We must, therefore, avoid mistakes in this matter and beware of the common experience of many communities. For example, Myteline in the island of Lesbos is a town built with magnificence and good taste, but its position shows a lack of foresight. In that community when the wind is south the people fall ill; when it is northwest, it sets them coughing; with a north wind they do indeed recover but cannot stand about in the alleys and streets owing to the severe cold . . . by shutting out the winds from our dwellings, therefore, we shall not only make the place healthful for people who are well, but also in the cases of diseases . . . patients . . . will here be more quickly cured by the mildness that comes from shutting out the winds. The diseases which are hard to cure in neighbourhoods such as those . . . are catarrh, hoarseness, coughs, pleurisy, consumption, spitting of blood.
3, [left] Diagram of the winds, as described by Vitruvius. 4, [right] An early depiction in stone
of The Storm God Aeolus, doing what Storm Gods do best.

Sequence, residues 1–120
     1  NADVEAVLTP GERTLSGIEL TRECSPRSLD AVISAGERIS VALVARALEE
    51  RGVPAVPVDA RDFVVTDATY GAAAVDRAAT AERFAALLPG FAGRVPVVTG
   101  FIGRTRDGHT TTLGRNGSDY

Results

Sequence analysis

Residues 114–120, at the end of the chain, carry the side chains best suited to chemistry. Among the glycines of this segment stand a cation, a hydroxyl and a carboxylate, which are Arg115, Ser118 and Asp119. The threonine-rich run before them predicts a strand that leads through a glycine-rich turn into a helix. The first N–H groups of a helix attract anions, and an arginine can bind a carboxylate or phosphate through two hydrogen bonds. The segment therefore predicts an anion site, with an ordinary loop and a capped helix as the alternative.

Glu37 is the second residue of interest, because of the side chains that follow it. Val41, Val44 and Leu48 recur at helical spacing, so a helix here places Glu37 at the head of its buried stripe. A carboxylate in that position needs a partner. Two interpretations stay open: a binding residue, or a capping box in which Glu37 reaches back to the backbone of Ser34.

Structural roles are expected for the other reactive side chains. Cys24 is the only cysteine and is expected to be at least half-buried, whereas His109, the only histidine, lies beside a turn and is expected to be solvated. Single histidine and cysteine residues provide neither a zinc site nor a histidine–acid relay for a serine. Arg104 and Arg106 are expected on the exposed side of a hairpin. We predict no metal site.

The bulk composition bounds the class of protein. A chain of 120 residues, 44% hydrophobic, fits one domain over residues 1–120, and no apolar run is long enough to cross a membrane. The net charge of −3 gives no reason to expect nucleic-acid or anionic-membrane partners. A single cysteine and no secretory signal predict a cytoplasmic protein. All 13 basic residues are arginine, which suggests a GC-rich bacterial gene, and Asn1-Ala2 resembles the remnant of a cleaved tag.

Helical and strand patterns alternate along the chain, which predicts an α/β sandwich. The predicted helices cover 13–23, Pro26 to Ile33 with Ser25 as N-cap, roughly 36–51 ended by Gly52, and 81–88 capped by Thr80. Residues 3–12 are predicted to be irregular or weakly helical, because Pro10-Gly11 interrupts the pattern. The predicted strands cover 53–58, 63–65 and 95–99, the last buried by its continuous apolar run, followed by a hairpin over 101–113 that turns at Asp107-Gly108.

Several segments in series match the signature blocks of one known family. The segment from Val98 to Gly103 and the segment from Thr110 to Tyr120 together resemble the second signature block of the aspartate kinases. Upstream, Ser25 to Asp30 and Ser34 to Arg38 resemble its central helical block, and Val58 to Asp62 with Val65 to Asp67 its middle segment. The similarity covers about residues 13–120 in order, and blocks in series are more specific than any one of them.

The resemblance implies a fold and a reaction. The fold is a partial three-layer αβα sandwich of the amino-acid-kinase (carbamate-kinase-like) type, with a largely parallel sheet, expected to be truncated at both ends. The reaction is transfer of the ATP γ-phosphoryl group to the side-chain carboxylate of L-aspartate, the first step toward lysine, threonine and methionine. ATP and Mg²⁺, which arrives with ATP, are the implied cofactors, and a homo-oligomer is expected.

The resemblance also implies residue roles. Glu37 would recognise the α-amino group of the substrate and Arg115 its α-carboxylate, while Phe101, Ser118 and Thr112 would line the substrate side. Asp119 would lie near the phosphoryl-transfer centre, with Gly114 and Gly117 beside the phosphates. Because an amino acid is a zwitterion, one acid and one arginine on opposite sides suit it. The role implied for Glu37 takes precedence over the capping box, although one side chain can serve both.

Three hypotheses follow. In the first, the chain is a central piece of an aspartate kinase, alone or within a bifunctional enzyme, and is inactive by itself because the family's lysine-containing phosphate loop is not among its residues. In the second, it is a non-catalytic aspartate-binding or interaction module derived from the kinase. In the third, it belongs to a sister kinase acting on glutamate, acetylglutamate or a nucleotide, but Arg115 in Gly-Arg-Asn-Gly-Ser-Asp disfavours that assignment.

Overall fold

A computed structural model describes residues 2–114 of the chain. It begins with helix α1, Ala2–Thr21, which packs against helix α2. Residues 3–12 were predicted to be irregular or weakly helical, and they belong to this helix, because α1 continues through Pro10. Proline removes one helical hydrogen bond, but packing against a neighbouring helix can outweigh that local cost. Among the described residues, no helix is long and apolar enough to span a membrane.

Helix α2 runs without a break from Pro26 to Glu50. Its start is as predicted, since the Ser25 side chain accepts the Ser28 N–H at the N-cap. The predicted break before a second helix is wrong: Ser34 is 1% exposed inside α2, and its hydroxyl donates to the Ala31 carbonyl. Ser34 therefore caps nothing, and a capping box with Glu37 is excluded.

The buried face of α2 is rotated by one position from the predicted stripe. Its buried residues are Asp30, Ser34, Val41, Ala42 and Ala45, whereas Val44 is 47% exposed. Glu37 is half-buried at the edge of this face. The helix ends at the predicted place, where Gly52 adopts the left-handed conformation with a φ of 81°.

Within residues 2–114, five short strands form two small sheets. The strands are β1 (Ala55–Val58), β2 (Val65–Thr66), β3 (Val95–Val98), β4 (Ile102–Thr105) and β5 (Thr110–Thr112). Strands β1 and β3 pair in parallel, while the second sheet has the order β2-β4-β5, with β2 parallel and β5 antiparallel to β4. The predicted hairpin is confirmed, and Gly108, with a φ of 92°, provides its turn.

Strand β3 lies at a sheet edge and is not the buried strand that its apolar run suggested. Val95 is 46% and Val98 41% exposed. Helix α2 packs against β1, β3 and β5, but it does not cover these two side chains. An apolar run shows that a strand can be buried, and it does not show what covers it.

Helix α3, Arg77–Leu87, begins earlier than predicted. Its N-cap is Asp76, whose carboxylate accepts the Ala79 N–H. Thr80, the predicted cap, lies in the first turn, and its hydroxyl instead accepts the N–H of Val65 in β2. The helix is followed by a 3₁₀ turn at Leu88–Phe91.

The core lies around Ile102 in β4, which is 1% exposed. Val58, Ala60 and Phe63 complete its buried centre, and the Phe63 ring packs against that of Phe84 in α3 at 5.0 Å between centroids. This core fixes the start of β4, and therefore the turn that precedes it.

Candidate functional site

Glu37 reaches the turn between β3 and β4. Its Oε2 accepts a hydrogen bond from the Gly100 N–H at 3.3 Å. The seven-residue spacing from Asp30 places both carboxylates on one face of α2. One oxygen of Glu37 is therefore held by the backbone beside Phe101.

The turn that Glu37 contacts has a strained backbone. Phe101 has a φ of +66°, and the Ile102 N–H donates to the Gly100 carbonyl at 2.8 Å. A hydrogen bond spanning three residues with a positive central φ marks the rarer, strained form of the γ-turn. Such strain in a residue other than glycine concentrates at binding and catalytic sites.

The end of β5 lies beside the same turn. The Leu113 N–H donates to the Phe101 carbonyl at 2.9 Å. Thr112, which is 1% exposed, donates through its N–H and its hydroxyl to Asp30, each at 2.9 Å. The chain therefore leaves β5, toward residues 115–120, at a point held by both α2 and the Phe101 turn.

The Emperor Augustus, the Roman writer Suetonius tells us, was subject to certain seasonal disorders: in early spring a tightness of the diaphragm: and when the sirocco blew, catarrh. ‘In winter he wore no fewer that four tunics and a heavy woollen gown above his undershirt; and below that a woollen chest protector; also underpants and woollen gaiters . . . he pampered his health by not bathing too often’. The sirocco, which affected him so badly, is a dust–bearing wind from the direction of the Sahara often bringing with it violent storms, of the kind that the Greeks and Romans likened to horse–shaped spirits or herds of wild horses, giving them names corresponding to the cardinal points of the compass, in Greek ‘Boreas’, ‘Eurus’, ‘Notus’ and ‘Zephyrus’. These, in Latin, are ‘Septentrio’, ‘Solanus’, ‘Auster’ and ‘Favonius’ (north, east, south and west, respectively), but Vitruvius gives in total sixteen winds , which are the directions to be taken into account in excluding winds from alleys when planning a new town. In Mediterranean mythology, all of these are under the control of Aeolus the Storm God , in whose stables they are kept until unleashed to carry out the tasks allotted to them. (Interestingly, in modern Italy, wind farms produce energia eolica).